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Jeans, skirts, makeup, ‘funky’ hairstyles banned for Haryana govt hospital staff

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Chandigarh: Makeup, “funky hairstyles”, and long nails are out for medical and other staff at Haryana government hospitals, and so are T-shirts, denims and skirts, as the state is going to implement a dress code for healthcare professionals.

Haryana Health Minister Anil Vij said on Friday the dress code being prepared by the state government is in the final stages.

The dress code must be adhered to by the on-duty staff 24 hours a day, including on weekends, evenings and night shifts, he said, asserting the erring employees will be marked absent for the day.

The minister said a hospital requires its employees to follow certain conduct, and a dress code is an essential component which gives the organisation a “professional touch”.

“Funky hairstyles, heavy jewellery, accessories, makeup, long nails during working hours are unacceptable, especially in the healthcare centres,” said the minister, a BJP leader.

He said jeans of any colour, denim skirts and denim dresses are not considered professional dresses and, therefore, will not be permitted. The employees will have to wear a name badge declaring their designation.

“Sweatshirts, sweatsuits, and shorts are not permitted. Slacks, dresses, skirts and palazzos shall not be permitted too. T-shirts, stretch T-shirts, stretch pants, fitting pants, leather pants, capris, sweatpants, tank tops, see-through dresses or tops, crop tops, off-shoulder dresses, sneakers, slippers etc will not be permitted. Similarly, footwear must be black, clean, comfortable and free from funky designs,” the minister added.

The purpose of the dress code policy, Vij said, is to maintain discipline, uniformity and equality among the staff in government healthcare centres.

“A well-followed dress code policy in a hospital not only gives an employee his professional image but also presents an elegant image of an organisation among the public,” he said.

All hospital staff working in clinical roles (medics and paramedics), cleanliness and sanitation, security, transport, technical, kitchen, field and other departments should be in a proper uniform during their working hours, the minister said.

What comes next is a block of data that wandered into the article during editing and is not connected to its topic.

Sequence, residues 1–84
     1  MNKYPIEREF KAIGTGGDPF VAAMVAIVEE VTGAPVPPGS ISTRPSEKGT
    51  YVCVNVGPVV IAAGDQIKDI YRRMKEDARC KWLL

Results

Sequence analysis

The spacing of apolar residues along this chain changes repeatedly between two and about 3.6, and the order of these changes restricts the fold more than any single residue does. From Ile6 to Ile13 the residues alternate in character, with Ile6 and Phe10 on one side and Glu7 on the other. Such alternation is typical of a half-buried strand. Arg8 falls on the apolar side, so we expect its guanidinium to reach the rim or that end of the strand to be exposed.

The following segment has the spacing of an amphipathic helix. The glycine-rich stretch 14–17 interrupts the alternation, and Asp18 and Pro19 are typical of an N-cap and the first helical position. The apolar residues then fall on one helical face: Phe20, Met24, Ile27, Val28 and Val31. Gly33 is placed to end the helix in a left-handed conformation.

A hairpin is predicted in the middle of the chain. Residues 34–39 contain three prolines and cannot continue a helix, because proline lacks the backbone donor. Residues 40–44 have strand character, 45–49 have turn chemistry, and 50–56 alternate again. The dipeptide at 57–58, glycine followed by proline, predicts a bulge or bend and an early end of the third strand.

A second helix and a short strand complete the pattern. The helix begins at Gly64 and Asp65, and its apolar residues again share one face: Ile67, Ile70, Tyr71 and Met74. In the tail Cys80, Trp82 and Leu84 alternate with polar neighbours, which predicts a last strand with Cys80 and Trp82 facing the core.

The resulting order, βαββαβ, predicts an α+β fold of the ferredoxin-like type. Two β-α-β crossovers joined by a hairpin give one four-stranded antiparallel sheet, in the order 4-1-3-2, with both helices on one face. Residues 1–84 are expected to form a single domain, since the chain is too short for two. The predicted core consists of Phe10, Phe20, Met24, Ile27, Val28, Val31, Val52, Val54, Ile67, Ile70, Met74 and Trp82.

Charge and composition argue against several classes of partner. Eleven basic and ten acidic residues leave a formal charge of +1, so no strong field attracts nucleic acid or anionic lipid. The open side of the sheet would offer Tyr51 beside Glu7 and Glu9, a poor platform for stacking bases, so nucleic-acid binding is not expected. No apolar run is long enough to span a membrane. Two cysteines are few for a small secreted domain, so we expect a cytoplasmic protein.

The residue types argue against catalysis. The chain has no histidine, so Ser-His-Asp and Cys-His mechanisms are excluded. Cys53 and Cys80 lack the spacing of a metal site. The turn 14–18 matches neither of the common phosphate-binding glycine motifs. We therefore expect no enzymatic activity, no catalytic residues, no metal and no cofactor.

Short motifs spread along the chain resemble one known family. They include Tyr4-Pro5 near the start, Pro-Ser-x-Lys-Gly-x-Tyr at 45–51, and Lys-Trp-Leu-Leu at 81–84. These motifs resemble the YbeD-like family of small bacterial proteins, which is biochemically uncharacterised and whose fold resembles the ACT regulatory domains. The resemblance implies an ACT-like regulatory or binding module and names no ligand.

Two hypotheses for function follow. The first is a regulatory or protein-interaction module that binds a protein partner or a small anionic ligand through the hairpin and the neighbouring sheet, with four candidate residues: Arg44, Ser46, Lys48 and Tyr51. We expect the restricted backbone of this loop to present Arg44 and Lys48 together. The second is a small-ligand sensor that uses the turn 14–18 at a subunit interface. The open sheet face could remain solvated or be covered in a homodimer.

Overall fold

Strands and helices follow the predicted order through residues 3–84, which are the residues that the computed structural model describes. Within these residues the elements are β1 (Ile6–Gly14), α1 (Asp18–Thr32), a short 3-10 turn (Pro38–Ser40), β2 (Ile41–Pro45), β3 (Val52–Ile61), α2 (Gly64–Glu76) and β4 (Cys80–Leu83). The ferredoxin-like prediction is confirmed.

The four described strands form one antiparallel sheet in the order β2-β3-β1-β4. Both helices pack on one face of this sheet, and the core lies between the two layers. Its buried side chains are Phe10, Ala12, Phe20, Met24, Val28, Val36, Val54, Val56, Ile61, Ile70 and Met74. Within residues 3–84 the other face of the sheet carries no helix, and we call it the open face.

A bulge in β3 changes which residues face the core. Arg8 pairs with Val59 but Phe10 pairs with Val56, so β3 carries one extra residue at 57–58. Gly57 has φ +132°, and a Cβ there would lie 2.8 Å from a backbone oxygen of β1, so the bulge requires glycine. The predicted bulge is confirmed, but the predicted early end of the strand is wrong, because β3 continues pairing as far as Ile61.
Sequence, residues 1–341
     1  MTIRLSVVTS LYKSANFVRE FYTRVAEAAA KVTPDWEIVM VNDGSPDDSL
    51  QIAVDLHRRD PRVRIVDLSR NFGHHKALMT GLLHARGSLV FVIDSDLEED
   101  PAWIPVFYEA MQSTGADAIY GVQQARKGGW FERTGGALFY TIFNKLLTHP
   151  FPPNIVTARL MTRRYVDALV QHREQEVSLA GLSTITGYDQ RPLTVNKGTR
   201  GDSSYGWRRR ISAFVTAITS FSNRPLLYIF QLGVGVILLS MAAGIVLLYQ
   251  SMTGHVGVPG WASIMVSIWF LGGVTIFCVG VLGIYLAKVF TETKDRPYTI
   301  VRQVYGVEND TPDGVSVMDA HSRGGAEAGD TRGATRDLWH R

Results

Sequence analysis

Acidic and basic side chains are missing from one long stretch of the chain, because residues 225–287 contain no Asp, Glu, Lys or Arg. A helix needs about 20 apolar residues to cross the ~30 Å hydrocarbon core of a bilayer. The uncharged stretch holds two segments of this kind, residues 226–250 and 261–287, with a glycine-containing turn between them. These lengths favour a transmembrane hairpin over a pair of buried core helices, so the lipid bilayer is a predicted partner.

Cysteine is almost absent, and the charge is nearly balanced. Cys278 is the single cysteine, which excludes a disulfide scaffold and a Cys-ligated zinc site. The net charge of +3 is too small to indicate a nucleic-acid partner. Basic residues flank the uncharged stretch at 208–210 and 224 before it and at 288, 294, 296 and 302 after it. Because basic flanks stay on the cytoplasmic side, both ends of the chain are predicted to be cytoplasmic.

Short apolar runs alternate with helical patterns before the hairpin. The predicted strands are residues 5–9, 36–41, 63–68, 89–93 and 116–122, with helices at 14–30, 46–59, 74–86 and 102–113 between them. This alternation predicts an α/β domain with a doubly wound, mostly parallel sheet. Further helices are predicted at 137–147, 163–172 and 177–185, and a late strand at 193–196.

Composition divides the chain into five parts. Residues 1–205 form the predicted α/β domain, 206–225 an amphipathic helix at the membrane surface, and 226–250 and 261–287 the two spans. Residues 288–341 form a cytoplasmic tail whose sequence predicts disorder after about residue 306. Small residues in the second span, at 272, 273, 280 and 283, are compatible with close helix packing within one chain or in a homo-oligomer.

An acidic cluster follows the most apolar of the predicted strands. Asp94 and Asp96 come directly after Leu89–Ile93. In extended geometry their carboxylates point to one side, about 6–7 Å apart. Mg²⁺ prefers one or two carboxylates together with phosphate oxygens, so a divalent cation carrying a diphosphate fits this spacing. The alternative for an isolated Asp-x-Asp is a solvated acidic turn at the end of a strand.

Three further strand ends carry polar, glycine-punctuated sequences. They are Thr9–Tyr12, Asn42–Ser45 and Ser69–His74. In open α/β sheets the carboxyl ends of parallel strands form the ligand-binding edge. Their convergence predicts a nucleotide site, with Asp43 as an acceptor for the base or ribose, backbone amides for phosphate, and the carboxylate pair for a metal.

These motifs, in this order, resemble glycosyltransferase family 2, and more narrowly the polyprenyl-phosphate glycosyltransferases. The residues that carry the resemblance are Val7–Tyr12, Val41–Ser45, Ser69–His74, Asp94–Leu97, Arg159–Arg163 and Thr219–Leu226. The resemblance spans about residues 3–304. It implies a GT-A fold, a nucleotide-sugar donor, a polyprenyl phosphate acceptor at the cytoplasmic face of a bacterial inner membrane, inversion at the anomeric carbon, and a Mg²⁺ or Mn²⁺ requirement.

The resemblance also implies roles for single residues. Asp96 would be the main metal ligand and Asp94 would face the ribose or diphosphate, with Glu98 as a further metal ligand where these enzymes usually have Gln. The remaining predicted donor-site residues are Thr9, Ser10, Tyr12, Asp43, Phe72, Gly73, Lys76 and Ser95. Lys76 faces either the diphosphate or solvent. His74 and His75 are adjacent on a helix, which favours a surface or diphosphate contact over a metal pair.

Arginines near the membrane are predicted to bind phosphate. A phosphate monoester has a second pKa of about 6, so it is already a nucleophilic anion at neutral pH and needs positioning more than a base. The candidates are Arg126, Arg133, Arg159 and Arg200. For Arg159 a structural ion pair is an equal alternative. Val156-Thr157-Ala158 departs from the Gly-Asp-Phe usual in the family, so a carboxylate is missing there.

Employees looking after non-clinical administrative work in hospitals shall wear only formals, said Vij. “Every employee is expected to wear neat, clean dress and practice good hygiene.”

“Hair must be clean, well-groomed and neat. Men’s hair should be no longer than collar length and should not interfere with the patient’s care,” he said.

“Unusual hairstyles and unconventional haircuts are not permitted. Nails must be clean, trimmed and well-manicured,” the minister stressed.

Black pants with a white shirt along with a name tag shall be worn by trainees, except for the nursing cadre, he added.

“When you go to a private hospital, not a single employee is seen without a uniform, while in a government hospital, it is difficult to differentiate between a patient and an employee,” he said, adding the dress code will improve the functioning of the hospitals in the state.

Government doctors and other staff largely welcomed the government’s move of bringing dress code in the health institutions.

The Haryana Civil Medical Services Association, Ambala, on Saturday welcomed the decision, with its state president Rajesh Khayalia saying the dress code will give a professional look to the hospital staff.

A doctor at the civil hospital in Ambala City said on the condition of anonymity that the health department should give at least three pairs of dresses to the staff. There should be separate changing rooms for doctors and paramedical staff in the hospital premises, the doctor said.

He also said the staff should be allowed to change their clothes at the hospital when they arrive and put their own dress back on after the duty hours.

In Hisar, the multipurpose health employees of Haryana also welcomed the announcement.

But the Nursing Welfare Association state president Vineeta said the government should have sought the opinion of the association before implementing the dress code.

She said the dress code should be enforced on administrative officers also.

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( With inputs from www.siasat.com )

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